Burlington's youngest mayor talks about managing a city through a time of crisis with shifting priorities, limited resources and how challenges can present opportunities for long-term solutions.
As the youngest person to serve in the role of mayor for the City of Burlington, Ian Baltutis ’08 has had his work cut out for him. Prior to the pandemic, Baltutis and his team were focused on the future of Burlington by working to grow and improve programs including entrepreneurial and economic development, community equity and social justice, youth opportunities and equal housing. When COVID-19 reached North Carolina and the Burlington community, Baltutis and his team shifted their focus to the daily and immediate needs of the residents.
“That transition from long-term impact to short-term need has been a major shift,” Baltutis said. “COVID-19 has completely reshaped the way I serve my community of Burlington.” Like Maslow’s hierarchy of needs, the basic physiological and safety needs must be met before moving on to others.
The widespread impact of the virus has tested the resilience of the surrounding cities and towns as well. Local leaders collaborated in new ways; sharing what resources and talents they could to help their neighbors. Compared to other natural disasters or crises, however, the scope of this pandemic is unparalleled.
“This crisis has a scale like nothing we’ve ever seen before. Normally, when a hurricane or ice storm hits our city, we can look to our neighboring cities and states for material and financial help,” Baltutis said. “This time we are all battling this with equally scarce resources. We are all teaming up to share what we can and innovate ways to do more with less. None of it is easy and all of it causes new challenges to arise daily.”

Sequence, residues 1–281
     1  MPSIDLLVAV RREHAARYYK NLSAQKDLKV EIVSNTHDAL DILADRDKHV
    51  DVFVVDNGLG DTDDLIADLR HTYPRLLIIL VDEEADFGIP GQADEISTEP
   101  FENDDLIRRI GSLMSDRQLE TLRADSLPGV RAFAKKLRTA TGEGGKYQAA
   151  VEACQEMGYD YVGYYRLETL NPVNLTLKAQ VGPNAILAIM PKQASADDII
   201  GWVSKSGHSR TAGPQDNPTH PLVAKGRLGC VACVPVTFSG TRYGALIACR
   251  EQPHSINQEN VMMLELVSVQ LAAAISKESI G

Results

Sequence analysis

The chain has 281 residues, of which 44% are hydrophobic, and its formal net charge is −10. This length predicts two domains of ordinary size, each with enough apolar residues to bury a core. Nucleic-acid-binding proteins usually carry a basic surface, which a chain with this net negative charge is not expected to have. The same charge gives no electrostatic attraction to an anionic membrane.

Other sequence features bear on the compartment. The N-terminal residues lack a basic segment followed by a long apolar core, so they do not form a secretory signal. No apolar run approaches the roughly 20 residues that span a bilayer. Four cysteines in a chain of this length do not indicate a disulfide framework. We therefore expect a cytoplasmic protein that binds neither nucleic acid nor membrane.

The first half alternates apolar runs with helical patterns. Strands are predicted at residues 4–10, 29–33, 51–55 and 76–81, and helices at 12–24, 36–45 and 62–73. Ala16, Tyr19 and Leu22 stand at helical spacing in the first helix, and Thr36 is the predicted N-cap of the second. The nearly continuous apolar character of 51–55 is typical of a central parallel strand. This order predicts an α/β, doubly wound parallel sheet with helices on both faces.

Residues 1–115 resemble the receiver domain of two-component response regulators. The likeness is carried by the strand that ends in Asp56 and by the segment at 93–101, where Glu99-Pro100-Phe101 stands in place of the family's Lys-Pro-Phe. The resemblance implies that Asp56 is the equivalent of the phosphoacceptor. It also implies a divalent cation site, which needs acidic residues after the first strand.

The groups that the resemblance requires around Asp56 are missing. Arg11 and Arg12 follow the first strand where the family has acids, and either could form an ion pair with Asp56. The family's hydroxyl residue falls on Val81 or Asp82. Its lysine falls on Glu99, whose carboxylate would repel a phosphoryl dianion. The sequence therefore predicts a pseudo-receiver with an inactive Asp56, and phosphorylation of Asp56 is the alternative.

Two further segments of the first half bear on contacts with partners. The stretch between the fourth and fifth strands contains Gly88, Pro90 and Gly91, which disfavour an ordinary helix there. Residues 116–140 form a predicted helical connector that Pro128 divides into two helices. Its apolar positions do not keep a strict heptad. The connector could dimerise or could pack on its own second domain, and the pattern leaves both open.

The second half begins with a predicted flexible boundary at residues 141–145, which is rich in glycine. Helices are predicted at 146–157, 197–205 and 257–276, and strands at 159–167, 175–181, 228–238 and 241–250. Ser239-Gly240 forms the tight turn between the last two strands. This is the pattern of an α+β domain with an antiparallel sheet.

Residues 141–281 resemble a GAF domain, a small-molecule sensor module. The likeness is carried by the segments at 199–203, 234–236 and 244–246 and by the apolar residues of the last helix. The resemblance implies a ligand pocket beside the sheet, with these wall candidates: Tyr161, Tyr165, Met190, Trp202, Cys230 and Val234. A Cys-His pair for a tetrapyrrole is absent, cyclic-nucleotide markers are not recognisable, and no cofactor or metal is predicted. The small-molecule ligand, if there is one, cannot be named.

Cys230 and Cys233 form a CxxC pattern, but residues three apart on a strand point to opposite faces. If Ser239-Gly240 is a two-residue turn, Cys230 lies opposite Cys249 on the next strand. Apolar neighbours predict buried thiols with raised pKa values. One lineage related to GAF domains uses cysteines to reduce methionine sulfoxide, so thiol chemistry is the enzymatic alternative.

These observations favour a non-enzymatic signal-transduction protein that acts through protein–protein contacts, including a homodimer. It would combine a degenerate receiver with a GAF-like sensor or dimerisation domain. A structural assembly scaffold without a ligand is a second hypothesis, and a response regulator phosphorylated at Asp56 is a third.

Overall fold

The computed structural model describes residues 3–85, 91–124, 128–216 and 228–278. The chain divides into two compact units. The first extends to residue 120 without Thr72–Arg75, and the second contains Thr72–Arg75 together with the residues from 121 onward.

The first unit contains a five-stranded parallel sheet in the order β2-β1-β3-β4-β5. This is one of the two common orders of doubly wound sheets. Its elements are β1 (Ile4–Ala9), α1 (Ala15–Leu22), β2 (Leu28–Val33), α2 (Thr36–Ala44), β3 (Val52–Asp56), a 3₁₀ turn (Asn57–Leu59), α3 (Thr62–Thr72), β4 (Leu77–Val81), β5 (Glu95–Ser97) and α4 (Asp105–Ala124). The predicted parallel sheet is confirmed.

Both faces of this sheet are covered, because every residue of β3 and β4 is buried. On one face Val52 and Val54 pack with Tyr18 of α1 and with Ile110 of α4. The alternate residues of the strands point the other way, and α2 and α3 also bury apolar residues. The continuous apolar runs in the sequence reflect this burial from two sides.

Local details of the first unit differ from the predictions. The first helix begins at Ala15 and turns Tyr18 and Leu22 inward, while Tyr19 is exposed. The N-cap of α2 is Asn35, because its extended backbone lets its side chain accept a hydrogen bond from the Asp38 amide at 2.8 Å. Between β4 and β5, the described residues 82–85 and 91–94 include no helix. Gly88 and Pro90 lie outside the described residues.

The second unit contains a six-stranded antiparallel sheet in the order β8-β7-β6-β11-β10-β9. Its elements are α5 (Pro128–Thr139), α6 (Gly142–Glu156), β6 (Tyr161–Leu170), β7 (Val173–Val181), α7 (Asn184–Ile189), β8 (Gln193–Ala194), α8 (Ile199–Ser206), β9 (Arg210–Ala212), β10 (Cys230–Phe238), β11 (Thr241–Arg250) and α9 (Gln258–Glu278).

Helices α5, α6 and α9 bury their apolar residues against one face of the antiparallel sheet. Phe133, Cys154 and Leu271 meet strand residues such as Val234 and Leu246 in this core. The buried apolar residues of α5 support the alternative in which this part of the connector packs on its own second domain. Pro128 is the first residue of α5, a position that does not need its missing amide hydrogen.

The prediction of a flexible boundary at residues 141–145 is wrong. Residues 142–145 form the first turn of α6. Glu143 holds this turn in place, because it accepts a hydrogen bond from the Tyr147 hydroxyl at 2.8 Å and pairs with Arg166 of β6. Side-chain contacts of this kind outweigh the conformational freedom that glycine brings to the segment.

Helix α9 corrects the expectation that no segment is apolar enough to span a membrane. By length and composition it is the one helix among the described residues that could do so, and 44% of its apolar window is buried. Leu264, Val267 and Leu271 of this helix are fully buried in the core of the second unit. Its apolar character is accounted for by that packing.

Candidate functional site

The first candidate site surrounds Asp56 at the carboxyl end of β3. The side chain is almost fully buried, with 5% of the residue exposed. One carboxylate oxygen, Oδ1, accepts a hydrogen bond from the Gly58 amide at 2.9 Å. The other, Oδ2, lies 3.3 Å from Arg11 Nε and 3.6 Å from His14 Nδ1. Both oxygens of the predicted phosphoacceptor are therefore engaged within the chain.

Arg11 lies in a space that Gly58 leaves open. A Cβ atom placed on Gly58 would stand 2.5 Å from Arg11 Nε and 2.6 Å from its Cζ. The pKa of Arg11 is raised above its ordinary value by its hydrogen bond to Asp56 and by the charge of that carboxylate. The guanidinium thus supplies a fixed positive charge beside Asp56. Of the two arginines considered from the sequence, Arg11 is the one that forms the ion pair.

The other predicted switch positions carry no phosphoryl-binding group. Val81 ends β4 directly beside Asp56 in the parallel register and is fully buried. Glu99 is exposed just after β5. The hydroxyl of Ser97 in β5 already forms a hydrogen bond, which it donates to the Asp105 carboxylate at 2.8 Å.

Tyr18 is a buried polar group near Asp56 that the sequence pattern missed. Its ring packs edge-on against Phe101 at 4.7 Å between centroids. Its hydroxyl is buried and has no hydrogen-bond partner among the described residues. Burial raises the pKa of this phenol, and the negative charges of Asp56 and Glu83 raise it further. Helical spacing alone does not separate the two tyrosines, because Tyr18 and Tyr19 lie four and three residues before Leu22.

Those challenges can also present opportunities for new developments. Necessity is the mother of invention and innovation, and out of this particular challenge has come new ways of thinking, communicating and engaging with the public. Baltutis has worked on improving and strengthening the lines of communication across the board and has examined new ways to utilize the city’s resources to support the community. Additionally, they have shifted to virtual meetings and online public discussions.
Although there have been some security and infrastructure challenges through this shift, Baltutis says, “these new ways of hosting and engaging with the public in discussion will likely be a positive outcome of this crisis that enables a wider breadth of our community to transparently engage with their representatives in government.” Additionally, he hopes this technology can lead to greater access and diversity among elected officials.
The expanded transportation network the city of Burlington has been working on for years is turning out to be an important investment during this time as well. “Our new network of sidewalks, multiuse paths, greenways, bicycle boulevards, bus routes and trails has become a wonderful escape for many people seeking physical and mental relief during this crisis,” Baltutis explains. Not only do these spaces serve as a place of respite, but they also allow the community to connect with one another and explore new methods of transportation.
Baltutis hopes this exploration and communing leads to a sustained appreciation of the city’s outdoor spaces and the importance of community connection long into the future. He explains, “I hope this continues afterwards granting everyone more opportunities to interact with their neighbors and fellow residents in a more personal and meaningful way, all while enjoying the community that we call home.”